With a sectarian civil war seemingly on the horizon in Iraq, Prime Minister Nouri al-Maliki called for calm, but also promised military operations against Sunni towns, insisting they “must impose security” across Iraq.
“What happened in Hawija, and what is happening today in Sulaiman Bek and other places, is a point in which we should stop and think because it might lead to sectarian strife,” Maliki said, though with hundreds already dead, it seems sectarian strife is no longer just a possibility but a reality, and the real question is how bad it will get.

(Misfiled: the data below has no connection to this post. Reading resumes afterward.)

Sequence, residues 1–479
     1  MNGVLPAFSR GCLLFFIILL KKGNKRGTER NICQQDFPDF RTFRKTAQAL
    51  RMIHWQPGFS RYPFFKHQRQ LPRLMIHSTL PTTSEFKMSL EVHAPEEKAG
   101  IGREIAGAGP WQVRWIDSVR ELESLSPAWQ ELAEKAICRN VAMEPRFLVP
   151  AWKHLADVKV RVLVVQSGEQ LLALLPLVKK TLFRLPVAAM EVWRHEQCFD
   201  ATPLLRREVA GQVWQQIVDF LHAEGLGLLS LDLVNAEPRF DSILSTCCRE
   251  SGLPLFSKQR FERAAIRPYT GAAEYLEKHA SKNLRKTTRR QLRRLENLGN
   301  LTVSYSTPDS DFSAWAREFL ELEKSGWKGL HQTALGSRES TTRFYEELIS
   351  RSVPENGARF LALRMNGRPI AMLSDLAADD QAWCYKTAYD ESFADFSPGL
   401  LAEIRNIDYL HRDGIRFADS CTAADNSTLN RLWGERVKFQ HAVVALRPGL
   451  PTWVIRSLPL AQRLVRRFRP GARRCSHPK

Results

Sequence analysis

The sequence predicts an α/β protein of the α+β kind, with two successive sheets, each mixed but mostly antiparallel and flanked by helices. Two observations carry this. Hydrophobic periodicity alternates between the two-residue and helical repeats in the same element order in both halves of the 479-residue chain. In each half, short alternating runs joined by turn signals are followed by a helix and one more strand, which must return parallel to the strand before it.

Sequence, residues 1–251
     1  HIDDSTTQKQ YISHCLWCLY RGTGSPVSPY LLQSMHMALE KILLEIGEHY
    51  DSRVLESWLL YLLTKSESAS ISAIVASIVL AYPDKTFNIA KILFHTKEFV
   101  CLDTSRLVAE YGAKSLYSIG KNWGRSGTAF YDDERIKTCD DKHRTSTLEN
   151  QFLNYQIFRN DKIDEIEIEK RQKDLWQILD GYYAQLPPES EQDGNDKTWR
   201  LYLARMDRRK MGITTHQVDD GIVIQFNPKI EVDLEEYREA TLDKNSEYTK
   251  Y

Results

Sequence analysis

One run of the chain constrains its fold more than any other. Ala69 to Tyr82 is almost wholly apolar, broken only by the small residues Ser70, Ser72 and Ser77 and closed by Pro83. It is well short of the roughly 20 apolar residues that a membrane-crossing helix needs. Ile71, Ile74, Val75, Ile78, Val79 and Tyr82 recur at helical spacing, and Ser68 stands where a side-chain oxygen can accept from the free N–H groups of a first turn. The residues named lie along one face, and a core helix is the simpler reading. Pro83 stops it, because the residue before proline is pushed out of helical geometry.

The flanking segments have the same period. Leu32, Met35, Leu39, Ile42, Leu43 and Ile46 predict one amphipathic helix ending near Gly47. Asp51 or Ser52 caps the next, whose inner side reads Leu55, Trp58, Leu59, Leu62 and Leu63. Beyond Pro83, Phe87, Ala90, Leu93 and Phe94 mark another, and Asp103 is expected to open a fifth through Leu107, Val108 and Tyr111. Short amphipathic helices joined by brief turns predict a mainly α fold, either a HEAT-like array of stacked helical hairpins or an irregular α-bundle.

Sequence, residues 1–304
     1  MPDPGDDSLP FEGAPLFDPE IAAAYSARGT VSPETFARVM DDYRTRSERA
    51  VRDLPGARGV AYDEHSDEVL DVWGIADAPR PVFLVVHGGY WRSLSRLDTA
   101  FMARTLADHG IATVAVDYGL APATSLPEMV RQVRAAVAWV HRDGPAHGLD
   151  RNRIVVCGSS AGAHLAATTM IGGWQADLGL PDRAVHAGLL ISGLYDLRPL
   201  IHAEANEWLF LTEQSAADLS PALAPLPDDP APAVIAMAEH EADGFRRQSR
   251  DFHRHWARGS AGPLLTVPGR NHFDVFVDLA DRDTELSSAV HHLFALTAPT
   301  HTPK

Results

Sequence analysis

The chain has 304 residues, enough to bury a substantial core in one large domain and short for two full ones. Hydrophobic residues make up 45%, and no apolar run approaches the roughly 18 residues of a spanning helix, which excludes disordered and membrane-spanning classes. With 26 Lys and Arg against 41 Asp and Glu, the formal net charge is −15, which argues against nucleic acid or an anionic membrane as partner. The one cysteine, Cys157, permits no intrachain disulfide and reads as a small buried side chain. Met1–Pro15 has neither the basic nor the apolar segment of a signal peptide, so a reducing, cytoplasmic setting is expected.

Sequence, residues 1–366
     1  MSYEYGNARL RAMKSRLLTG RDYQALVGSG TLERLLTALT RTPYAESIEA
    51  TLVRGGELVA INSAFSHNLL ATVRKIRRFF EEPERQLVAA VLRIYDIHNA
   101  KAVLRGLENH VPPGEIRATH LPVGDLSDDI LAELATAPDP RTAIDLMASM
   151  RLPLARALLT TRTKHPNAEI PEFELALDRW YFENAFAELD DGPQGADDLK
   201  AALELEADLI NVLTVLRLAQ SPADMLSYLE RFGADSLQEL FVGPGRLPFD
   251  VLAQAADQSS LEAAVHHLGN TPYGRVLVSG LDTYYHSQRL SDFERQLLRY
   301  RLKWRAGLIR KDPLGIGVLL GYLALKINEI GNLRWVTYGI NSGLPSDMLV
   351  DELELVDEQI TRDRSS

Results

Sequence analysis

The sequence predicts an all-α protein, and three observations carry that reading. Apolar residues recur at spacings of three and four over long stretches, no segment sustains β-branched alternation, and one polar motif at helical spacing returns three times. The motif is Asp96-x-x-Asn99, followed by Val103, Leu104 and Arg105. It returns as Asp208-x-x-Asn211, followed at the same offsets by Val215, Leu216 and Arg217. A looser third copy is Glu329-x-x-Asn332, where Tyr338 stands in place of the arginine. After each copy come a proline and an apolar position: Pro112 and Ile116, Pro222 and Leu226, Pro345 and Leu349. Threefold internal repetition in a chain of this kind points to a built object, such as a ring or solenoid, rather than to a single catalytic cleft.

Sheik Abdulmalik al-Saadi, a top Sunni cleric in the nation, has been backing the protests for quite some time, but seemed to take it a step further today in comments, urging his followers to leave the Iraqi Army and join the opposition “as their brothers did in Syria.”
Saadi urged restraint so long as the military wasn’t confronting them “but if they open fire, then burn the land beneath them and defend yourself.” Given the sheer size of the sectarian civil war in neighboring Syria, the prospect of yet another war breaking out in Iraq is a scary one indeed.
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